NEW SUPER-MAN #16
Written by Gene Luen Yang
Art by Brent Peeples, Richard Friend, Hi-Fi, and Dave Sharpe
Published by DC Comics
Release Date: October 11, 2017
In the midst of his fight with the Suicide Squad, Kenan Kong finds himself transported to a bizarre version of Gotham City in the 1930s, where he meets the All-Yang!
This issue opens with an extended dream sequence that is worth the price of admission all on its own. It opens on Kenan Kong, the Superman of China, trapped in a strange version of Gotham City in 1937. He was brought there by the All-Yang, in the guise of the sinister caricature of a Chinese gangster from the cover of Detective Comics #1, from March of 1937.
That, of course, is the key to unlocking this whole sequence, which serves not just as an in-universe commentary on racial stereotyping and Western imperialism in China, but also as meta-textual discourse on DC Comics as an institution.
Action Comics #1 may be the most famous comic cover of all time, and New Fun may have been the first comic published by the company that would become DC Comics, but Detective Comics #1 is the genesis of the title that would give the company its name, the comic that put the DC in DC Comics. And the cover for Detective #1 has always been an embarrassment, whether the company wished to acknowledge it or not.
The art in this sequence drives home the point by “reverting” to the Golden Age style of the 1930s. The characters and backgrounds are drawn in a more simple style, while the coloring is mostly flat, with some effects applied to make it look like an 80-year-old comic.
At the same time, both Kenan and All-Yang are drawn and colored in a more modern style, a juxtaposition of old and new that throws the characters’ commentary on their surroundings into sharp relief.
In this dream sequence, Kenan is surrounded by yellow men with buck teeth, who speak with yellow-tinted word bubbles that are perhaps intended to evoke the Yellow Kid, the original comic strip character. Kenan is so unfamiliar with racist stereotypes, and the men look so deformed, that he initially thinks they’re goblins before All-Yang teaches Kenan to use his x-ray vision to lift the veil and see that they’re a cartoon depiction of Chinese-Americans. “You’ve just seen through an illusion created to justify over a century of brutality,” All-Yang says.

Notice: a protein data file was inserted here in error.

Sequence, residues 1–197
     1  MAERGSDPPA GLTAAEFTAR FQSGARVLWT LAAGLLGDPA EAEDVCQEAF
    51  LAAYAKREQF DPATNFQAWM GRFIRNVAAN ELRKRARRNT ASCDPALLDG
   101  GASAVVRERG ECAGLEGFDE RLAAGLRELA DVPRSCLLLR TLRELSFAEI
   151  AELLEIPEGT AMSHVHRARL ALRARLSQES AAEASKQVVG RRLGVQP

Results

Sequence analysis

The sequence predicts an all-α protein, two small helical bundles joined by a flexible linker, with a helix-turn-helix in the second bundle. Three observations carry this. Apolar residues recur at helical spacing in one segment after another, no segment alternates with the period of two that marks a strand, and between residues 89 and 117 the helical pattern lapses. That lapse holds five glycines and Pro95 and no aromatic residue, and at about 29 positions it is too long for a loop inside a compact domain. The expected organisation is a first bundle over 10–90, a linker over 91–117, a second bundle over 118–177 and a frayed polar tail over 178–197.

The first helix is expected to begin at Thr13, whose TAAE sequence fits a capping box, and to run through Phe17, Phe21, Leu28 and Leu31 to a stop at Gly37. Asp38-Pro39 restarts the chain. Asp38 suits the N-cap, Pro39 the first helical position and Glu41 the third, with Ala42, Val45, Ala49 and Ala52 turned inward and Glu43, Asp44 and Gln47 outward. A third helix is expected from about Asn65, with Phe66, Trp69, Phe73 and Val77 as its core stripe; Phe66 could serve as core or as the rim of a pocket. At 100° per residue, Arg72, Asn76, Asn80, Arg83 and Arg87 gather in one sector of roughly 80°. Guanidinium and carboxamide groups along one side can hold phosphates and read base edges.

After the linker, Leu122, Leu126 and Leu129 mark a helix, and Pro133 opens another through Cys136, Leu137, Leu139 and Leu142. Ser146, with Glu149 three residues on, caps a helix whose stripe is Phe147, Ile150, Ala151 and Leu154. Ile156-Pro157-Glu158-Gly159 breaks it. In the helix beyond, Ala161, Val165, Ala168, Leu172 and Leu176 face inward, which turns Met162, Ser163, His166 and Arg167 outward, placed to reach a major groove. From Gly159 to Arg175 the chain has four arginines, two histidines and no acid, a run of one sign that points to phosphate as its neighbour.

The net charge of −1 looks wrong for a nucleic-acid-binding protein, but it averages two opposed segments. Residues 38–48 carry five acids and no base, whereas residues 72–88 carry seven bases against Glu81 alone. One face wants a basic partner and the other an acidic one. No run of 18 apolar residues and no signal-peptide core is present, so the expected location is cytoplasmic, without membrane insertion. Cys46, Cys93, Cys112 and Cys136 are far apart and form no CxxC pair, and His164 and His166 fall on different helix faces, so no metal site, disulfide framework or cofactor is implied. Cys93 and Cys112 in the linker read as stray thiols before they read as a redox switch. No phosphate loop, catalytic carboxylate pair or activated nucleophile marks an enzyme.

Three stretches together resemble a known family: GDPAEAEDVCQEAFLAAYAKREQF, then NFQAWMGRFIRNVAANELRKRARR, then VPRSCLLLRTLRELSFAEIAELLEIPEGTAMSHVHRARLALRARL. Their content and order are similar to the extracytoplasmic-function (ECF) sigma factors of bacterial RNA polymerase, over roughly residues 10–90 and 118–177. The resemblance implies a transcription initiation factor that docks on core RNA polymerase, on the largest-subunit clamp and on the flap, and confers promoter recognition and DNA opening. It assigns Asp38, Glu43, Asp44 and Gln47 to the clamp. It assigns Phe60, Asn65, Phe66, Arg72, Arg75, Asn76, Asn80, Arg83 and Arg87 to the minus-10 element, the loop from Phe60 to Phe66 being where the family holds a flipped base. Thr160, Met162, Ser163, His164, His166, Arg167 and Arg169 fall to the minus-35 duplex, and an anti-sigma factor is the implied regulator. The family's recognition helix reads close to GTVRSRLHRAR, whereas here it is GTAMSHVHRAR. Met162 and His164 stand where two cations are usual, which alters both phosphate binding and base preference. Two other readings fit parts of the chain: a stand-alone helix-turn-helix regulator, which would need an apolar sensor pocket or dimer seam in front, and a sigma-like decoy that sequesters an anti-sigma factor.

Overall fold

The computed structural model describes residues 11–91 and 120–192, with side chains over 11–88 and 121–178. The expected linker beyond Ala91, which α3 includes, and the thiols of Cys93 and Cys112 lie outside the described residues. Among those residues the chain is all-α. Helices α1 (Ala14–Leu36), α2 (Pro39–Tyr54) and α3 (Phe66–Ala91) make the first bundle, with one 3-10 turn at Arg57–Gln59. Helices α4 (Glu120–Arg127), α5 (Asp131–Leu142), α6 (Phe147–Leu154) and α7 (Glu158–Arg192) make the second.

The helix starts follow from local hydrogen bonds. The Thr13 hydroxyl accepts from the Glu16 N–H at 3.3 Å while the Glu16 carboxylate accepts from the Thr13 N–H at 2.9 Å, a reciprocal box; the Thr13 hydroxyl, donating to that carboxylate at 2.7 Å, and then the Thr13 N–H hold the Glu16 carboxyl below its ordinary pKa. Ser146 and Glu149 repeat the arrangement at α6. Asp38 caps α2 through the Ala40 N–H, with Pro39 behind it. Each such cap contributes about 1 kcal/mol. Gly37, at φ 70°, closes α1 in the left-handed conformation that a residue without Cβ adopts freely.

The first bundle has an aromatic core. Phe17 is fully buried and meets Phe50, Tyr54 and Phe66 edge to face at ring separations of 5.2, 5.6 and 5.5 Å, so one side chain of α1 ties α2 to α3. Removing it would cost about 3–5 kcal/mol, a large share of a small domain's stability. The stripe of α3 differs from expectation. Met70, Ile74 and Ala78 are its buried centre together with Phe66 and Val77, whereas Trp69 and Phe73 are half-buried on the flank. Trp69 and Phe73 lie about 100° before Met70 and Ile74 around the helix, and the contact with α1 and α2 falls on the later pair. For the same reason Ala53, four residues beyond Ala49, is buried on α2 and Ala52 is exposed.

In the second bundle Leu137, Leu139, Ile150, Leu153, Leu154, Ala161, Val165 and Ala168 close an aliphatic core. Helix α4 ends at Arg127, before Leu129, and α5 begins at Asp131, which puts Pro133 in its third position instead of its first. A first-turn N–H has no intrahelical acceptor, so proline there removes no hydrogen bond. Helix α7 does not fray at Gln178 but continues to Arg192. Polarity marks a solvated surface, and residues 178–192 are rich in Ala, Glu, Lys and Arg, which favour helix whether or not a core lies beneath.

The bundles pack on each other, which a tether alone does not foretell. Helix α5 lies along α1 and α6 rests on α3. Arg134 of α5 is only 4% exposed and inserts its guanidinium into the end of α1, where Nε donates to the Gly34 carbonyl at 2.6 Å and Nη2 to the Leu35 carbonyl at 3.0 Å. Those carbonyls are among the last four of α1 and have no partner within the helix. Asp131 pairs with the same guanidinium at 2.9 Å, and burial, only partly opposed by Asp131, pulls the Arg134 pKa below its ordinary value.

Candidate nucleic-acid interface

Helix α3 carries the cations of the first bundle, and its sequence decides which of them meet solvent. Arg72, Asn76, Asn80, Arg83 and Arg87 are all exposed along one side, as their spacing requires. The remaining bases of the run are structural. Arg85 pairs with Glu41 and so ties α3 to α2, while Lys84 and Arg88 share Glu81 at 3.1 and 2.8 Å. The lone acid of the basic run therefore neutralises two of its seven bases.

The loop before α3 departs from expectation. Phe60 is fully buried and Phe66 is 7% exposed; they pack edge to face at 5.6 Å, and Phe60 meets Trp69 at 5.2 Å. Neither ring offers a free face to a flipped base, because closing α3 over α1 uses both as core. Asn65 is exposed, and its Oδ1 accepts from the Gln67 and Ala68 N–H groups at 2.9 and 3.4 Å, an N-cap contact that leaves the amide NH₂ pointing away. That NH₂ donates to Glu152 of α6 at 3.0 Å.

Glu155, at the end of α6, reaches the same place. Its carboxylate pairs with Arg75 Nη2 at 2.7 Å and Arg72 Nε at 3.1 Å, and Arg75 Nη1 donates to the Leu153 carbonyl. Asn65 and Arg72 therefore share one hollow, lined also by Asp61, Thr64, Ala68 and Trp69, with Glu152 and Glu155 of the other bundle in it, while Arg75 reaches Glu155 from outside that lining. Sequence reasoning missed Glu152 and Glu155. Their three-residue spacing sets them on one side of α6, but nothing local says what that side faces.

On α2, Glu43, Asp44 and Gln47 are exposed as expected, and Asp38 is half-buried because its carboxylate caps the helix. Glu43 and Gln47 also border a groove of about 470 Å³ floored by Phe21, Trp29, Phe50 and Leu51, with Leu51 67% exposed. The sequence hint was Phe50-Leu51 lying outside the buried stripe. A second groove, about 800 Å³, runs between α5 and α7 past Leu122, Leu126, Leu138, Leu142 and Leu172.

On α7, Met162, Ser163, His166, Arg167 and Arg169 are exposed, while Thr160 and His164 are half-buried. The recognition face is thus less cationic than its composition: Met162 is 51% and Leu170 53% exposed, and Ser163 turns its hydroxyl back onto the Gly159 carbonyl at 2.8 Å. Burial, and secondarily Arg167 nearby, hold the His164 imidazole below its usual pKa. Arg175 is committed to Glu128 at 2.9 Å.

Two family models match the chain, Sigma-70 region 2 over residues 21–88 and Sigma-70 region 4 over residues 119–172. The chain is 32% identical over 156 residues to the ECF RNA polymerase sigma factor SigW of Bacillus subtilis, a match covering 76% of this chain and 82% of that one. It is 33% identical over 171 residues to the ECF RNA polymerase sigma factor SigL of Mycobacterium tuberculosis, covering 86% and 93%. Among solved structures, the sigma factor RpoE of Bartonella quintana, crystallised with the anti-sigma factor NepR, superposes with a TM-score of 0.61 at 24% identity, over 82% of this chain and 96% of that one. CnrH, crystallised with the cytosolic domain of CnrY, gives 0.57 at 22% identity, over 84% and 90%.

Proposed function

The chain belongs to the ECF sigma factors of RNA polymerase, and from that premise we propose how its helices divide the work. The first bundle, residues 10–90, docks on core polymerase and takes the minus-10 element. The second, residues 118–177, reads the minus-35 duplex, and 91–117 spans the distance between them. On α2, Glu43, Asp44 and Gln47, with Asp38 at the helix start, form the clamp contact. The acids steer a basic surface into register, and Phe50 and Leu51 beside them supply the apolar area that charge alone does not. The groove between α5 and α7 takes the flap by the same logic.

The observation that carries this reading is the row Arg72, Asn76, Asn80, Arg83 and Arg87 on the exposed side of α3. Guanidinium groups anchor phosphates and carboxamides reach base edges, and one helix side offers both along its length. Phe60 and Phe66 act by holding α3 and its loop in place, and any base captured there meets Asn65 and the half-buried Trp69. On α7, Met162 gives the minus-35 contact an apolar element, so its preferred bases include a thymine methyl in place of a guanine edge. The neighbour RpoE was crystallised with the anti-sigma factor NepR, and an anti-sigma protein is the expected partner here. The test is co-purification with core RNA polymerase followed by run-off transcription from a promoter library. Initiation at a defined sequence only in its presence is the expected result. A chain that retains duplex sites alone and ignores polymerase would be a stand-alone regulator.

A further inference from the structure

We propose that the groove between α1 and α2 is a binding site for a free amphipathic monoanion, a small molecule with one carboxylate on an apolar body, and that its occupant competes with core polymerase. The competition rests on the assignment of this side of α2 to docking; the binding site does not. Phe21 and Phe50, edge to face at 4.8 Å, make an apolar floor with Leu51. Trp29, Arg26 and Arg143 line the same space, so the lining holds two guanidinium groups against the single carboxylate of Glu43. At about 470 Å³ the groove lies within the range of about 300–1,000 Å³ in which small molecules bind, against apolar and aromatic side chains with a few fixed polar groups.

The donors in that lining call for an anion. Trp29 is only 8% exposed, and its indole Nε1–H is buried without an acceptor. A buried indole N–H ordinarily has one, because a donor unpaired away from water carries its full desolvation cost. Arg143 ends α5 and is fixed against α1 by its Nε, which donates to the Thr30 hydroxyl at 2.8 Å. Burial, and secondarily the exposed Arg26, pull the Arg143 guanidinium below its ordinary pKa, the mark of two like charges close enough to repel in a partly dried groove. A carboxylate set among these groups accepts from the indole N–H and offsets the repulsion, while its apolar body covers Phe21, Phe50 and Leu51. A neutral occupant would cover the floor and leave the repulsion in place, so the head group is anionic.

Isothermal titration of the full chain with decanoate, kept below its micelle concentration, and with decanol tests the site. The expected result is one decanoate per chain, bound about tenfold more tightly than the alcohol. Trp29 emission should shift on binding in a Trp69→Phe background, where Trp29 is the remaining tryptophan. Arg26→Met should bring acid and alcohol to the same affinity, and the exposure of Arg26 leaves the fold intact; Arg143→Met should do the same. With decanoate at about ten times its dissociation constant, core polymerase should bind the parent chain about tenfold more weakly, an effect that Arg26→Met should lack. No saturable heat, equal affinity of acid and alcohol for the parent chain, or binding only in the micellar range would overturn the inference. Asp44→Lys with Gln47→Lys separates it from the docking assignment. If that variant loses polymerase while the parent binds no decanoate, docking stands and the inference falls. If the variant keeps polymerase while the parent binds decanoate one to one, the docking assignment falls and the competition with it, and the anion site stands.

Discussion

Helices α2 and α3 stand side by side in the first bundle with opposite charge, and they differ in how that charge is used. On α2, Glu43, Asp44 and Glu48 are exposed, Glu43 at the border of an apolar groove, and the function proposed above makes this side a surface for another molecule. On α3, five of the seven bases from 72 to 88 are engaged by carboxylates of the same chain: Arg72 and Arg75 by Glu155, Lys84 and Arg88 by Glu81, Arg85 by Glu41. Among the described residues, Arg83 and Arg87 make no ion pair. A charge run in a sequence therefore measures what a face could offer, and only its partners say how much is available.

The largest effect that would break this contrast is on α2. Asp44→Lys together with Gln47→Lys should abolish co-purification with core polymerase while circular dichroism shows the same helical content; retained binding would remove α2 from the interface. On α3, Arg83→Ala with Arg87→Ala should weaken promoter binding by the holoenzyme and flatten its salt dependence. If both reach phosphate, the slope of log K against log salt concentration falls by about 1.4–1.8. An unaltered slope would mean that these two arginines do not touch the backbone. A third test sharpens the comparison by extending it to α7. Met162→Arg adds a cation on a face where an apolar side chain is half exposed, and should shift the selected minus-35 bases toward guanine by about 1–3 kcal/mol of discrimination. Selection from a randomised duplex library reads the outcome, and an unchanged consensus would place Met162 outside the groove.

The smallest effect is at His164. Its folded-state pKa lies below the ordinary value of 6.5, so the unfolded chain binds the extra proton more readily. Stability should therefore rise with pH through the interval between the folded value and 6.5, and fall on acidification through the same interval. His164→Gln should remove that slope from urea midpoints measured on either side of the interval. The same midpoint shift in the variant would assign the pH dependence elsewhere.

This comic acts as an indictment of DC Comics’s racist history. All-Yang is a villain, and his motives are suspect, but his point is valid: As much as Slam Bradley, the racist cop who beats up Chinese-Americans for fun, or Von Holtzendorff, the Geman officer introduced later who loots Chinese artifacts for personal profit, the sorts of racist caricatures that DC Comics casually traded in throughout its history are and were a form of oppression. They formed a part of the cultural landscape that made it easy to dehumanize and marginalize Chinese-Americans, and indeed all Asian-Americans.
This issue adds further to the moral and political complexity of New Super-Man as a title. We’ve already seen Kenan face down pro-democracy radicals, pro-government super teams, and now anti-Western conspirators. At every stage, New Super-Man integrates political questions while resisting the temptation to make any one viewpoint the Bad Guy.
It’s impossible to read this issue and say of All-Yang “Well, this is just a villain that we’re supposed to find repugnant and disagree with,” because we recognize that his point about the evils the West has perpetrated against China throughout the past few hundreds of years is irrefutable.
To the extent New Super-Man expresses a viewpoint about the politics that swirl around it, it’s one of neutrality and non-violence (or, at least, purely defensive violence). Kenan Kong has, thus far, stayed fairly neutral on questions of politics, though perhaps more out of intellectual incuriousity than some principled devotion to neutrality.
Amidst the heady discourse that motivates the revolutionaries and conspirators he battles, Kenan remains devoted to protection of his family and friends regardless of any larger questions. It’ll be interesting to see, going forward, if Kenan evolves into a more politically aware hero, or if devotion to those he loves remains his lodestone.
New Super-Man remains one of the most interesting superhero comics being published today, a fascinating take on heroism the likes of which we haven’t really seen before. Every issue is a delight, and this one is no different.
The Verdict: 9.0/10